A Man of Substance

The Substance of Fire lets Ron Rifkin show off his acting prowess

The Substance of Fire ought to be one of the major critical favorites of 1997. It won't be, but is worth seeking out while it lingers in town. It's an adaptation of the acclaimed drama by Jon Robin Baitz about Jewish guilt and familial war. Baitz was 26 when he wrote what seems like the work of a wise and subtle old man.

The tone may be in part because the central role, the hard-souled, middle-aged book publisher Isaac Geldhart, was written especially for a wise and subtle actor, Ron Rifkin.

Substance is a remarkable film in many respects--Baitz has been amazingly free and inventive in adapting his own text, for instance. But its happiest accomplishment is providing the too-little-known Rifkin with a part which allows him to demonstrate his startling prowess. Though long respected in theater circles for his work on the New York and L.A. stage, and though he sings with Peter Duchin's orchestra, Rifkin has spent most of his film career languishing in forgettable roles in movies like The Devil's Eight, Silent Running, The Sunshine Boys and The Sting II. He's fared a little better on TV--he had a good recurring role on ER last season, and Mel Brooks fans may remember him from the short-lived sitcom When Things Were Rotten. But "Ron who?" is still the usual response to dropping his name.

You're not likely to forget him after seeing Substance. Rifkin's performance as Isaac is a tour de force of virtuoso acting in the service of a role that warrants it--it's fire with substance. He gives a classical scale to the role of the loveless, laceratingly witty, scarily energetic Isaac, who runs a small New York publishing firm specializing in exquisitely bound, unaffordable editions of books that few people would buy anyway, like a six-volume history of the Nazi medical experiments. Unsurprisingly, he's on the verge of bankruptcy, and he clashes with his three children and fellow stockholders (Timothy Hutton, Tony Goldwyn and Sarah Jessica Parker) over his refusal to publish a commercial potboiler.

As the story progresses, we realize that Isaac's emotional inaccessibility comes from a lifelong agony of guilt over having avoided the death camps as a child in Europe ("I wasn't in the camps. I was happily eating smoked eel in the attic with my Alexander Dumas"). Rifkin's portrayal is a heartbreaking--though sometimes bleakly comic--depiction of the toll of a life spent trying to make up for having survived.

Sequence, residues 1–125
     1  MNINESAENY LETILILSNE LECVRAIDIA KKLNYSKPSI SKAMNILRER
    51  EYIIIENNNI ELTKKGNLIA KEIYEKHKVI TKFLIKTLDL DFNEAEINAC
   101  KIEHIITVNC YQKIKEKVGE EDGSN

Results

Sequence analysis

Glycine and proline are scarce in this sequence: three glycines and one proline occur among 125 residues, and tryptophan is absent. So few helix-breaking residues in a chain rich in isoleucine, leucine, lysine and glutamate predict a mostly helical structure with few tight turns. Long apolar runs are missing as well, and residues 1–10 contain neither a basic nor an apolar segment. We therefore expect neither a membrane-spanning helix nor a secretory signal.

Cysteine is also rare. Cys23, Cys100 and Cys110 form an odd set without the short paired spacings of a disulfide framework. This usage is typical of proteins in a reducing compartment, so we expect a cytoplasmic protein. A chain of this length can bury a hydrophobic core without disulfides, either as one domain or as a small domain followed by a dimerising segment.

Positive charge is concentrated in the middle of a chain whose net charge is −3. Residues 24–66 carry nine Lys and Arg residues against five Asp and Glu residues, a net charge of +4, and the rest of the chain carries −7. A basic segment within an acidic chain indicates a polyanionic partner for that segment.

What makes the role an especially triumphant one for Rifkin is that it comes after a long, self-imposed exile from acting. "I stopped acting in '83 for seven years, only because I was playing the same role over and over again," Rifkin says. "I just got so bored, I was very melancholy, and I just said, 'Fuck it, I'm gonna do something else,' and I went into a totally other field, and in '90, I guess, [actor-director] Austin Pendleton was directing a production of The American Clock, Arthur Miller's play, at Williamstown, and he asked me to come up and do it. I said I had to go to Asia, to the factory--I was designing women's clothes. So he said, 'Okay, you can leave in September.'"

The lead in that production was played by Fisher Stevens, whose friends from the Naked Angels Theatre Company came to see him. Among them was Jon Robin Baitz. "He came up to me after the play and said, 'I'm gonna write a play for you someday,' and I said, 'Mm-hmm.' But he did."

In developing Isaac's sophisticated, quality-obsessed character, with his elusive accent, Rifkin, who came from an Orthodox family, drew on his childhood environment. "I grew up in a part of New York that was just like a little shtetl, in Brooklyn, in Williamsburg. It was just as the war was ending, and it might as well have been Europe. And the sounds around me were Eastern European sounds, not Isaac's sounds exactly, but all the sounds of those Jews. I had those sounds in my head, and I just sort of extended them and gave them some culture and elegance.

"I met guys like that. Some of my teachers in Yeshiva were very elegant men." The key to his interpretation of the role may have hit even closer to home. "I knew I didn't sound like myself, or walk like myself, or even look like myself, but I didn't know to what extent, because I'd never seen the play, obviously. Then my brother and I saw a rough cut of the film together. Somewhere in the middle, I could feel our bodies getting closer--we're very close--as if we needed to be as near as we could be. By the end, we were almost holding hands. And Arnold looked at me and said, 'It's Dad.'

"Now, my father was nothing like Isaac, except that I had taken over his mannerisms, his vocal inflections, his use of the letter 'S' when he'd get angry. I realized I'd become my father in some strange kind of way. Even physically, I had started to manifest his characteristics."

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